Anti-Kremlin campaigner calls for 'French Magnitsky act'

Paris (AFP) –


A British financier who has infuriated the Kremlin by spearheading legislation worldwide to sanction Russian officials and oligarchs said Wednesday he is hopeful of a similar law being agreed in France.

William (Bill) Browder, a former top investor in Russia, began a campaign to penalise Russians accused of rights violations after his lawyer Sergei Magnitsky died in a Russian jail in 2009.

After "Magnitsky Acts" were agreed by legislatures in Britain, Canada, the United States and the three Baltic states, Browder said France was now a priority for his campaign.

Were France to pass legislation, he said it would hit officials and oligarchs who own villas on the Cote d'Azur, sip coffee in St Tropez or enjoy residences in Paris.

"France is one of the most important countries in the world as far as a Magnitsky Act is concerned," Browder told AFP in an interview in Paris.

"France is one of the most coveted countries for dictators and kleptocrats to keep second homes and go on vacation. If you have sanctions against these people in some countries but not France you are really missing something."

"It would be devastating. Every single oligarch has some presence here," he said.

- 'Momentum in France' -

The campaigner had on Tuesday embarked on the first formal stage of his legislative campaign in France, addressing the foreign affairs committee of the French parliament

Browder said he had not felt much interest in France until the election of President Emmanuel Macron in May 2017.

"The entire chemistry and feeling has changed," said Browder, whose appearance was backed by the committee's vice president and Macron ruling party member Mireille Clapot.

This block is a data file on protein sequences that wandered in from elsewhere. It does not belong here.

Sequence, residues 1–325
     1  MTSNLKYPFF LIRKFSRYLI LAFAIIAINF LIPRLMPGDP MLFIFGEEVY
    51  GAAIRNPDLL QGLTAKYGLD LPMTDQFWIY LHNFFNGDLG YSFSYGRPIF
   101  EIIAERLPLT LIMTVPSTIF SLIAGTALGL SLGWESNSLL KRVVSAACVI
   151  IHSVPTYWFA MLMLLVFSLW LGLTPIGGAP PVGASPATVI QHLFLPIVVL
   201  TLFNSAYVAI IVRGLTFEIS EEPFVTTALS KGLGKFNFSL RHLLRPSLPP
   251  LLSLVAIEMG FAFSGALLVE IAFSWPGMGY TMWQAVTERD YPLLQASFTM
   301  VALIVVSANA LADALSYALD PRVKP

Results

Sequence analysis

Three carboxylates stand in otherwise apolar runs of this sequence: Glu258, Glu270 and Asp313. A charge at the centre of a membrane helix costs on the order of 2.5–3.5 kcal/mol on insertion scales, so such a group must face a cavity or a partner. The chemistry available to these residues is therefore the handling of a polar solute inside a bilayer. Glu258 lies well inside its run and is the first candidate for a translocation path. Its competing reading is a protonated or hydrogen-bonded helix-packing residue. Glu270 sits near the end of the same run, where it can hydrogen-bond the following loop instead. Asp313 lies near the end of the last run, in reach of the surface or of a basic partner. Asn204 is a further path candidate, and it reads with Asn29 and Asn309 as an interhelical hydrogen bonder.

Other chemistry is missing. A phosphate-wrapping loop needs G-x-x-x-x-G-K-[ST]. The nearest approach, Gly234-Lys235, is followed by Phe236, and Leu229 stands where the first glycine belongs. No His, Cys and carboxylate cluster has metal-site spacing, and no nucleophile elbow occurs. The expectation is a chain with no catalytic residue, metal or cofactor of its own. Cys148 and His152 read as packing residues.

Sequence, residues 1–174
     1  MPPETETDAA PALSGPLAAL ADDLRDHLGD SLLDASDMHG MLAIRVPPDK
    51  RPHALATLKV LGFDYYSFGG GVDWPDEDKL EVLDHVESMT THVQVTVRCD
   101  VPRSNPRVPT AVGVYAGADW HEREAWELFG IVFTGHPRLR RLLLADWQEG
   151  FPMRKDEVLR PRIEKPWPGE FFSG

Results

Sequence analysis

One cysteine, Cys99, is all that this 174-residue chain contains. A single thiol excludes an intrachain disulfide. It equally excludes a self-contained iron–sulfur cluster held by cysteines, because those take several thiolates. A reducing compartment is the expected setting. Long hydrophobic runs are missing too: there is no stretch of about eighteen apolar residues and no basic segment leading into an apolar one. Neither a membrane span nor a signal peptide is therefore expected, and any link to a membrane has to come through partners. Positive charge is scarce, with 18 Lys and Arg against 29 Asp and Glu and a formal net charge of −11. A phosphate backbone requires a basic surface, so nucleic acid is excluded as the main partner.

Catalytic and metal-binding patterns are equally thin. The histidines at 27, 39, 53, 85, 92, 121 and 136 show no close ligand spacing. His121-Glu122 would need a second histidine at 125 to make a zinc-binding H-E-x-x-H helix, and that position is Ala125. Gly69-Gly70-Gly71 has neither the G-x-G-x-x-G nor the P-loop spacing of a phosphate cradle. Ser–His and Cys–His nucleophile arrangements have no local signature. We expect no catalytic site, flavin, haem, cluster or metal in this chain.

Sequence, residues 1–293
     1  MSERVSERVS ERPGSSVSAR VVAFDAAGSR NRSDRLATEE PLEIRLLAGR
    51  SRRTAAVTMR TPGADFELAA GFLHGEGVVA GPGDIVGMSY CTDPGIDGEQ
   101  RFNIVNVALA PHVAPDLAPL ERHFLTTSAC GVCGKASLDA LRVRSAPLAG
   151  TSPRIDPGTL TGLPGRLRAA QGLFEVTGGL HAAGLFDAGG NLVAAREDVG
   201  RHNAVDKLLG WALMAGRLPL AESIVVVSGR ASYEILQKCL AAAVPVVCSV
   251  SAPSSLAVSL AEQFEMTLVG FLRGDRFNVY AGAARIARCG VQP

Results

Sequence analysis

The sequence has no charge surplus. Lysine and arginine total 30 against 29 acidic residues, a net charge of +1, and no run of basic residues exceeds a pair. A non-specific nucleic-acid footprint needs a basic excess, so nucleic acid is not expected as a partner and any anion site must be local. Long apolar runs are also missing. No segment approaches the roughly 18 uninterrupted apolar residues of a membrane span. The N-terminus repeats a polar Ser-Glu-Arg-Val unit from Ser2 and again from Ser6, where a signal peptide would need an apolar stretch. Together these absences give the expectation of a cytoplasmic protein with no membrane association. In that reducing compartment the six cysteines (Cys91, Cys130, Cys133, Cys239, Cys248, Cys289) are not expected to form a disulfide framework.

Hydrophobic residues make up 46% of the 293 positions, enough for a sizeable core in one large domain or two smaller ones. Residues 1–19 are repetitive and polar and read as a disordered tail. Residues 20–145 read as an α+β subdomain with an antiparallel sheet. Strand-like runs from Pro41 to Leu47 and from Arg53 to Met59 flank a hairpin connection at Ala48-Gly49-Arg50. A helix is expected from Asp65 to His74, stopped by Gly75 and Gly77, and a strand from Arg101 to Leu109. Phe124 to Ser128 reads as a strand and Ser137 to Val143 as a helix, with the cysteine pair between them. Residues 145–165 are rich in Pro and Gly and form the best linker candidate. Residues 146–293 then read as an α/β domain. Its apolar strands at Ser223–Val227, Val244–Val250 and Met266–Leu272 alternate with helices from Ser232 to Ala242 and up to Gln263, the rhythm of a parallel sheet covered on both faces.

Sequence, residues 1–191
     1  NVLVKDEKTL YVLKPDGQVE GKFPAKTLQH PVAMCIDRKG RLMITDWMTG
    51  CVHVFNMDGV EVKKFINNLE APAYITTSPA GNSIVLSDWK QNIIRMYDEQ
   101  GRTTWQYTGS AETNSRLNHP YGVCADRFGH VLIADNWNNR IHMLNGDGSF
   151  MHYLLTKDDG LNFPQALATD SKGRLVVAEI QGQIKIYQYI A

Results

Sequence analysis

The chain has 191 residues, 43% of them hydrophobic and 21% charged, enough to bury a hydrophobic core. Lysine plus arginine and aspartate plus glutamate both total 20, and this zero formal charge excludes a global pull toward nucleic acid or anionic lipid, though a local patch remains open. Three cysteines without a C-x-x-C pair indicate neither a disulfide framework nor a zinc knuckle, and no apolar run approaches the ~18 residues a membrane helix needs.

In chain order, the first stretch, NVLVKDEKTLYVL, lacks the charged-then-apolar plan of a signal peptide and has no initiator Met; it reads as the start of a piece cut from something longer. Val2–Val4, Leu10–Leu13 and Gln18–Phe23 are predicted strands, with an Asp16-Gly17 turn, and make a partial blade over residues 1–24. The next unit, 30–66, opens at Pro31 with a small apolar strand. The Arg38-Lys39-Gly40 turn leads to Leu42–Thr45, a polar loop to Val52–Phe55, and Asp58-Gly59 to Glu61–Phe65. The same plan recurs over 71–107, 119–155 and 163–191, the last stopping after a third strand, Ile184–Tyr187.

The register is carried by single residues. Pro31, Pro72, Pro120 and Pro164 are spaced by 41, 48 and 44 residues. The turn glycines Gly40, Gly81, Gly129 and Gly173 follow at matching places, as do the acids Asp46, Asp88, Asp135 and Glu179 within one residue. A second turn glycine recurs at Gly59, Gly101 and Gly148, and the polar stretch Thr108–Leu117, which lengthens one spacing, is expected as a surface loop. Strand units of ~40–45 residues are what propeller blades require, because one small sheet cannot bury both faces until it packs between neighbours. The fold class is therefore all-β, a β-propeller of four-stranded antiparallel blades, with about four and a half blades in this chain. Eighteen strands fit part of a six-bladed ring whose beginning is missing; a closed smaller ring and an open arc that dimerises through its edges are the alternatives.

"It was truly an interesting and engaged dialogue," Browder said. "It was one of the most successful parliamentary hearings we had anywhere and it feels like France is now in play."

Browder will now head to Germany to press for a Magnitsky Act there, although unlike in France he has no formal hearing with the foreign affairs committee scheduled.

- 'Putin the best advocate' -

He said it just takes "one nasty action" by Putin to intensify the momentum, as happened in Britain where an act was passed following the botched assassination bid against former spy Sergei Skripal last year which was blamed on the Kremlin.

"Vladimir Putin is the best advocate for this cause. He always does something that causes such outrage," said Browder.

The US-born chief executive of hedge fund Hermitage Capital is now a public enemy number one for the Kremlin and the target of multiple Russian arrest warrants.

Russian prosecutors in December 2018 said they had opened a new criminal probe against him alleging he was a crime boss who could have poisoned several associates.

Browder, who has rubbished the charges, alleges that it is Putin who sits at the top of a system that lives and breathes on money and corruption.

"In order for Putin to stay in power, he has to enrich a group of around 1,000 people who run the security organisations," he said.

Magnitsky went public with details of the $230 million fraud by Russian state officials before being charged with tax evasion and later dying in pre-trial detention after a year in jail.